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Employees will be entitled to take long service leave after seven years’ service under amendments to the Long Service Leave Act 1992 (Vic). The amendments to this legislation impact the long service leave liabilities of businesses operating in Victoria.

The amendments include:

  1. when employees can take long service leave;
  2. the effect parental leave will have on an employee’s total service for the purposes of calculating long service leave; and
  3. calculating service for the purposes of the entitlement for employees with no fixed ordinary time rate.

Directions to take excessive leave?

The taking of long service leave will operate in a similar manner to annual leave. This means an employer cannot refuse an employee’s request to take long service leave unless it has reasonable business grounds for doing so.

Employers however can breathe a sigh of relief, as the legislation retains the ability for employers to direct employees to take periods of long service leave in specific circumstances.

Parental leave as service

Unpaid parental leave, of up to 52 weeks, or longer if agreed between the employee and employer, will be included when calculating an employee’s period of continuous service.

This will be a significant departure from the previous iteration of the legislation which did not include periods of unpaid parental leave when calculating periods of continuous service. This could have broad implications on employers’ leave debts where businesses have had multiple employees take periods of parental leave.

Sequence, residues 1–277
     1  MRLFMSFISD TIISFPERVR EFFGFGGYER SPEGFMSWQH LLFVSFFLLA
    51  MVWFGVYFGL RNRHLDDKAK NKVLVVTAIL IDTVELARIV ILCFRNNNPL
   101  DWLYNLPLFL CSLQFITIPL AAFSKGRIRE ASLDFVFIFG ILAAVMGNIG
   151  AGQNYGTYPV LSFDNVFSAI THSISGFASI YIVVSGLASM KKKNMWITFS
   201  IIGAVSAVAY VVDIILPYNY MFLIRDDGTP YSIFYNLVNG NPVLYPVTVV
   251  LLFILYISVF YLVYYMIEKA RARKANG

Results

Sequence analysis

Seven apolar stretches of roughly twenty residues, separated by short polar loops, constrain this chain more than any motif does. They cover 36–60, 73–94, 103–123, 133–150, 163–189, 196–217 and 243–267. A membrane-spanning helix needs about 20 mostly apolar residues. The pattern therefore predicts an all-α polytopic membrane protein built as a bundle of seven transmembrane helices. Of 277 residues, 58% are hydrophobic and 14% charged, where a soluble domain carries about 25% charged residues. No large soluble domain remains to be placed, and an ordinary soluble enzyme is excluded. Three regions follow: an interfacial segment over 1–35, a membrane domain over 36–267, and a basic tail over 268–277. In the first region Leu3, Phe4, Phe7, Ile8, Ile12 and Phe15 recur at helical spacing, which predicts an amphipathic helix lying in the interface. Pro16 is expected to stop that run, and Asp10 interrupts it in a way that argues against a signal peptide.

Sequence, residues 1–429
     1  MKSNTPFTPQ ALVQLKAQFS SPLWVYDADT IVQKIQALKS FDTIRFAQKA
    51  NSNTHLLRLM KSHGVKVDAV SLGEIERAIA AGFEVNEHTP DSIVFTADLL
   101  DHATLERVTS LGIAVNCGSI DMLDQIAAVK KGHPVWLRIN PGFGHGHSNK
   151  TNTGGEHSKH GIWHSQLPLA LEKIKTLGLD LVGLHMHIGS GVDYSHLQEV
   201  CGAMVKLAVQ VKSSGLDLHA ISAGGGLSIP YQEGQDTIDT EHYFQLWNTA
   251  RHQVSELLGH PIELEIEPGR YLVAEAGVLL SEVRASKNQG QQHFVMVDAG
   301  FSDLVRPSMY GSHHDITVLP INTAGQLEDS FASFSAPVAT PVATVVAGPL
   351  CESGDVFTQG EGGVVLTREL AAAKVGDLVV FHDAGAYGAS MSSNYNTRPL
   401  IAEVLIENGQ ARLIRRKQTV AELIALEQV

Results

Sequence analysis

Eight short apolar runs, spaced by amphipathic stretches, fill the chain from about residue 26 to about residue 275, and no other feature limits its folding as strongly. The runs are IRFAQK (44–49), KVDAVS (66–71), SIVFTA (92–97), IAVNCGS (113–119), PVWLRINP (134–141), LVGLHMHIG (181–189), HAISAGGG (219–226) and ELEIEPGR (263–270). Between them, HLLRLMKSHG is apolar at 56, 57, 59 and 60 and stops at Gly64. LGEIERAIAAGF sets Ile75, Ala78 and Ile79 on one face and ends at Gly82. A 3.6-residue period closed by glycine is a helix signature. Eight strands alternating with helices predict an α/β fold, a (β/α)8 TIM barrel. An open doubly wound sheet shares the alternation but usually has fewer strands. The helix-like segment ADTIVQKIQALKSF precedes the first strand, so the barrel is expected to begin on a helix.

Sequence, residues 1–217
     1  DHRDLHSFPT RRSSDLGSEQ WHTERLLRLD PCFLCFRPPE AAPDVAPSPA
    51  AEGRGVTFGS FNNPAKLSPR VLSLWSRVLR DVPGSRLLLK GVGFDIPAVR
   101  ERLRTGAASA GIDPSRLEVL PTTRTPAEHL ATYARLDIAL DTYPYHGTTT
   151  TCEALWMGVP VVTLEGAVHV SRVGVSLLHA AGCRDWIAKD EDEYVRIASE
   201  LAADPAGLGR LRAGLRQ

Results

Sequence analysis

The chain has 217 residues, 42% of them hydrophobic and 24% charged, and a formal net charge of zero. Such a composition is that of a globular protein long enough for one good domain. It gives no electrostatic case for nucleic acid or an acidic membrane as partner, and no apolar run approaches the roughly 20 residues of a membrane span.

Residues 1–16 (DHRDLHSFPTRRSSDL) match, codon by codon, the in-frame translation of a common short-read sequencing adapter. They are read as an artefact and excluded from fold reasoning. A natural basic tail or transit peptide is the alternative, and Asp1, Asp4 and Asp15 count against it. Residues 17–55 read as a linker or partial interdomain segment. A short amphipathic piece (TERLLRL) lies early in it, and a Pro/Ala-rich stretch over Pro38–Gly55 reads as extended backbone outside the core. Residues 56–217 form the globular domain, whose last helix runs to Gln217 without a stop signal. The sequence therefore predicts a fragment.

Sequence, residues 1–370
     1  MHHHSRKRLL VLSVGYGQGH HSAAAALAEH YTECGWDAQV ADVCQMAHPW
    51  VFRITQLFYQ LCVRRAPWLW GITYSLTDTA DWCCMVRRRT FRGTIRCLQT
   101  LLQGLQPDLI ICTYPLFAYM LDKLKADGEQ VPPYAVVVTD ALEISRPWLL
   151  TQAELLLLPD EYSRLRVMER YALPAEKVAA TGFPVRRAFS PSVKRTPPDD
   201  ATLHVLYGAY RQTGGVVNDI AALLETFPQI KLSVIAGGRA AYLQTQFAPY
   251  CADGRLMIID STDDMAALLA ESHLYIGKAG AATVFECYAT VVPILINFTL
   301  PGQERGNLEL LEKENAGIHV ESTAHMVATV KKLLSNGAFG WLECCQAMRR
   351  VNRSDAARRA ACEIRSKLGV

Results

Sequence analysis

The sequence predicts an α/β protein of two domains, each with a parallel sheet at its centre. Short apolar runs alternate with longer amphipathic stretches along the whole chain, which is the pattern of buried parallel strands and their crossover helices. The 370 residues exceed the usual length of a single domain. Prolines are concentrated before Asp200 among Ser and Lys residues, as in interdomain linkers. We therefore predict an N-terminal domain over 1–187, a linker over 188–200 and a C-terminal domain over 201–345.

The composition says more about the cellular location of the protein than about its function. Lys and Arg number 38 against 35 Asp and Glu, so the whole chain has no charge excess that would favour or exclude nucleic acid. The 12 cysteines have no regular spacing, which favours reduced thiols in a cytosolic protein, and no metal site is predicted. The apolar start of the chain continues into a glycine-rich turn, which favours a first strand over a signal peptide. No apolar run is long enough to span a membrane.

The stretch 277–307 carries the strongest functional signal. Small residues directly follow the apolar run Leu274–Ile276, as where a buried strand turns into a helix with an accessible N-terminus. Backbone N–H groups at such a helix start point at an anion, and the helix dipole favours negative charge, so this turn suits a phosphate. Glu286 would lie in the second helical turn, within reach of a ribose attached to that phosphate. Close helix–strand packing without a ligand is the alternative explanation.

Periods of leave

The previous iteration of the legislation has provided that employees could take long service leave in up to three periods. The amendments state that an employee may request long service leave for a period of as little as one day. This will provide greater flexibility to the taking of leave and may result in accrued long service leave effectively operating in a similar manner to annual leave.

A change to the calculation of ordinary pay

Traditionally, where an employee has not had a fixed ordinary time rate, their notional ordinary time rate for the purposes of calculating a long service leave entitlement was calculated based on the greater of either:

  1. the average weekly rate earned in the 52 weeks immediately before the employee starts the long service leave; or
  2. the average weekly rate earned in the 260 weeks immediately before the employee starts long service leave.

With the amendments, a third method is provided for the calculation of an employee’s notional wage – namely, the average weekly rate earned during the employee’s entire period of continuous service with the employer – providing employees with a further potentially more beneficial method for the calculation of their ordinary time rate.

What about employees that have worked before the amendments?

Importantly for employers, the amendments will apply to service that an employee has already accrued. This means an employee, who has seven years’ service as at the date of the amendments taking effect, will have an entitlement to take long service leave at 1/60th of their total service.

What impact will this have on your business?

Ensuring compliance with the amended legislation will be important to avoid contravention of the amended Long Service Leave Act 1992 (Vic).

Given changes to the manner in which continuous service may be calculated businesses should be cautious to ensure they have accurately ascertained their employees’ leave accrual to ensure that leave debts and accrual are appropriately managed to minimise the impact upon operations.

To ensure your compliance with these amendments or if you have any queries on how these amendments could impact your business, please contact our Employment, Safety and Migration team.

This article was written by Will Marshall, Senior Associate – Employment, Safety and Migration.